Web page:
The fallback position for many phobic patients is to have their dental treatment performed while they are sedated or under general anaesthetic. From a practical point of view, it offers a way to have all of the dental treatment performed in one session but it does not help the patient overcome their dental fear in the short term.  It is also particularly useful for patients requiring extensive treatment to be performed or for the people who are time poor and want their treatment performed quickly. This has certainly become a much more popular service in the last few years.

Modern advances in dental filling materials now mean that all fillings can be tooth coloured and will be long lasting.  There’s no need now for silver amalgam fillings or gold crowns. Tooth coloured fillings can now be easily repaired without removing all of the old filling.

Similarly there has been an enormous amount of research in the field of dental implants with teeth fitted on to implants on the same day. Simplified, computer-guided surgery has enabled many general practitioner dentists to incorporate dental implants in to their everyday practice.

Computer assisted care will become common

Computerized scanning of the teeth and jaws has been embraced by thousands of dentists now.  This enables computer assisted treatment planning for orthodontics, crowns and bridges, cosmetic dentistry and complex surgery. With computerized aided design and milling, patients can now have a crown fitting in just 2-3 hours instead of the multi-visit old methods which were used when skilled dental technicians made crowns entirely by hand.

3-D printing has also made its way in to the world of dentistry. Orthodontic plates, mouthguards, dentures and some components of implant teeth can be 3D printed to give a more accurate final result for the patient.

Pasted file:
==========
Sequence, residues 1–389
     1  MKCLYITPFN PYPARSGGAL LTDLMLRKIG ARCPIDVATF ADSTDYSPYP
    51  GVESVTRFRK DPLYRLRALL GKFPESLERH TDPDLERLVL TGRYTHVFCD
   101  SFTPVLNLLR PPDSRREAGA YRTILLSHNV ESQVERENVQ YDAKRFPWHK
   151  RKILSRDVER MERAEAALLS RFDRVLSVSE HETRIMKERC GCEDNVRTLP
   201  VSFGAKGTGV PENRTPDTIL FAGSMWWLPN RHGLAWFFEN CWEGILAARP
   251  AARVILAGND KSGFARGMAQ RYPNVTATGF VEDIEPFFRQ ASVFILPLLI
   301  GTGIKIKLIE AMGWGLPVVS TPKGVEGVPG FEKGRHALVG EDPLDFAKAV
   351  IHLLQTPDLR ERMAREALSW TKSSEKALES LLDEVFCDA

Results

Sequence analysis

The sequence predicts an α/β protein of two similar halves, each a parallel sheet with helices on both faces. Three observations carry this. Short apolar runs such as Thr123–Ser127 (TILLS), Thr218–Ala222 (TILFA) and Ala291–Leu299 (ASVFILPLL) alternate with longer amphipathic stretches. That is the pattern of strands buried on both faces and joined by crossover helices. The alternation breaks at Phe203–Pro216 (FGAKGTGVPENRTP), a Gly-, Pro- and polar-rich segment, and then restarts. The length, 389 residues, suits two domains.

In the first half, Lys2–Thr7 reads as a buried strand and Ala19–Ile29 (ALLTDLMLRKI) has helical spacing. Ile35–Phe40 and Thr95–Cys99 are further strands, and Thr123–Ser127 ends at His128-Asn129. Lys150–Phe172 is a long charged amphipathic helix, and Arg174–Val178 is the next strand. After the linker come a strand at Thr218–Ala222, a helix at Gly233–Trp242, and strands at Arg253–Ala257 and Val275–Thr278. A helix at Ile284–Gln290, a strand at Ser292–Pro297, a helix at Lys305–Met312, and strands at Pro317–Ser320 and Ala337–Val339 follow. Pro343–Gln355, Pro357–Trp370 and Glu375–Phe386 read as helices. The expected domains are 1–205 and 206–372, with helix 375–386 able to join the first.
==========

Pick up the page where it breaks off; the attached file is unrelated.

Over the next few years we will see artificial intelligence take a definite step in the world of medicine and dentistry.  There are already systems being tested with limited release in the market for robotic root canal treatment which is guided by computer analysis of 3D x-rays.

The digitization of health records, research findings and the accumulation of patient data will allow the development of smart algorithms which can analyze patient symptoms and clinical findings to offer diagnostic and treatment recommendations for individual patients to offer the very best of personalized care.

The future is exciting (What’s New In The World)

Telehealth became a very important adjunct to health care during the COVID-19 pandemic, particularly during lockdowns.  This technology will continue to improve with home based technologies giving clinicians more relevant data to treat patients without face to face attendances at clinics.  Of-course there will be limitations in dentistry where so much treatment involves direct patient contact.

Virtual reality technology is now being incorporated in to the training of dentists at University level. This will enable trainees to have much broader exposure to all aspects of patient treatment before gaining experience on ‘live’ patients.

Regenerative dentistry is a term now being used to describe technology that will facilitate teeth to repair themselves or have a biological repair of tooth structure if a tooth is damaged. Stem cell technology will allow dentine, the main constituent of teeth, to grow or perhaps even grow an entire new tooth to replace a lost tooth. Research is being undertaken at several universities around the world including the University of Nottingham, Harvard University and the Karolinska Institutet in Sweden.